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Last Updated: Sunday, 3 April 2005, 22:11 GMT 23:11 UK
Zimbabwe's muted opposition
By Alastair Leithead
BBC News, Johannesburg

The British believe the Zimbabwe election result was "fundamentally flawed," the US says it was "seriously tainted", the opposition party calls it "massive fraud" and independent monitors say it has failed to meet regional guidelines for free and fair elections.

Movement for Democratic Change leader Morgan Tsvangirai
Morgan Tsvangirai has few options for challenging the election result

These guidelines were put in place by one of the few international opinions President Robert Mugabe seems to listen to, the Southern Africa Development Community (SADC).

And SADC observers describe the election result as "peaceful, credible and well organised... reflecting the will of the people".

Their election observers, one of the few delegations invited into the country, were concerned by the 10% of voters turned away at the polling stations and the bias of the state media towards the ruling Zanu-PF party.

They even noted that the Movement for Democratic Change (MDC) was claiming the figures did not add up and there was suspicion over 32 of the 120 seats contested - more than a quarter of all constituencies.

But in the end they delivered their statement of approval anyway, because the MDC could not present them with evidence in time.

Intimidation and the politicisation of food distribution were used to persuade citizens to vote for the ruling party
Zimbabwe Election Support Network
The courts can deal with any complaints, they said, as there is a procedure for appealing against the results.

But the MDC says it will not take the legal route. The appeals lodged after the last election have still not been processed by the courts.

So what can the MDC do now?

Questions

The party only took part in the elections begrudgingly, after saying the intimidation and restrictions meant this election would not be free and fair however peaceful it was on polling day.

FINAL RESULTS
Ballot boxes already counted in Zimbabwe
Zanu-PF: 78 seats
MDC: 41 seats
Independent: 1 seat
Elected seats: 120 seats
Seats appointed by the president: 30

It is the build-up to the poll that the independent Zimbabwe Election Support Network highlights as the problem.

"Although there were no incidents of direct violence... the pre-election period was not in line with the SADC principles and guidelines," Chairman Reginald Matchaba-Hove said.

"Intimidation and the politicisation of food distribution were used to persuade citizens to vote for the ruling party."

The group cited the example of Manyame constituency, where the Zimbabwe Electoral Commission said 14,812 people had cast their votes at the close of polling.

"The figure then suddenly catapulted to 23,760 as the results were announced... and the same applies to a number of other cases, so we urge the commission to seriously look into these discrepancies as they have serious implications for the credibility of the electoral process," Mr Matchaba-Hove said.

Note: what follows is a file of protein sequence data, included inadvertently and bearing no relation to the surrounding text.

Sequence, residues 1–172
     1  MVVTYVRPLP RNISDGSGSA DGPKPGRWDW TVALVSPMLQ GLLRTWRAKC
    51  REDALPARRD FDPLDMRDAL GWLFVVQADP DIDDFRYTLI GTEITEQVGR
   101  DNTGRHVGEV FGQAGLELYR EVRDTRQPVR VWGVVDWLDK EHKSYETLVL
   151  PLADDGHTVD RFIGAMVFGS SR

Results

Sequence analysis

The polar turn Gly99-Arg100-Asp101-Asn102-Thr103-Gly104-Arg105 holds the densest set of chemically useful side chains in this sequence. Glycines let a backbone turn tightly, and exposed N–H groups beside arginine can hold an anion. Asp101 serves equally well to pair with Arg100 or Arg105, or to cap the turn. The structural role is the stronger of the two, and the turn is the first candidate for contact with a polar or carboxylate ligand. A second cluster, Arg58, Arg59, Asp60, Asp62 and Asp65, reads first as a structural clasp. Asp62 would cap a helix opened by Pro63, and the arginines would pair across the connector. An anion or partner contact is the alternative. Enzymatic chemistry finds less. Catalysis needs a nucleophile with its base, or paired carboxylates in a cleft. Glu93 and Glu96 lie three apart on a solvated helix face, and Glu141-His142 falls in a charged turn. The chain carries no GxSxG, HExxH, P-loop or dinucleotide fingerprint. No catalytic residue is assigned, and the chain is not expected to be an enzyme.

What now?

The MDC is currently assembling the evidence, but the SADC endorsement of the election - along with that of South Africa - means there is very little the opposition can do.

Morgan Tsvangirai's leadership is being questioned.

Cartoonist Tayo Fatunla's irreverent take on the voting in Zimbabwe

When he addressed the press as results were coming in on Friday, he offered no clear path - having accused the government of "fraudulently... betraying the people".

And there still seems little direction to the MDC's response.

Mr Tsvangirai's spokesman said the party had asked its president to "pursue a programme of political alternatives" - which seems to mean he has not decided what to do yet.

"I can tell you what he has ruled out," William Bango said.

"A legal challenge and an armed struggle - but we are not closing the door on mass demonstrations or protests."

Bad joke

It is hardly the call for the people to take to the streets peacefully that the outspoken Archbishop Pius Ncube was encouraging.

Zimbabwe's President Robert Mugabe
Mugabe has said he wants to change the constitution

The African Union observer mission was slightly more cautious about the election result - but President Mugabe now has all the cards, with a two-thirds majority.

He has made it clear he intends to change the constitution - most probably to introduce a second chamber, or senate. Perhaps he will even remove the need for the presidential election in 2007.

It is all part of the retirement plan, no doubt, even if President Mugabe did joke that he could stay in power until he is 100.

With the support he is getting from southern African countries, and the lack of options the opposition has to challenge the election result, it is a joke poor, hungry and unemployed Zimbabweans suffering under an appalling economic crisis could well take seriously.


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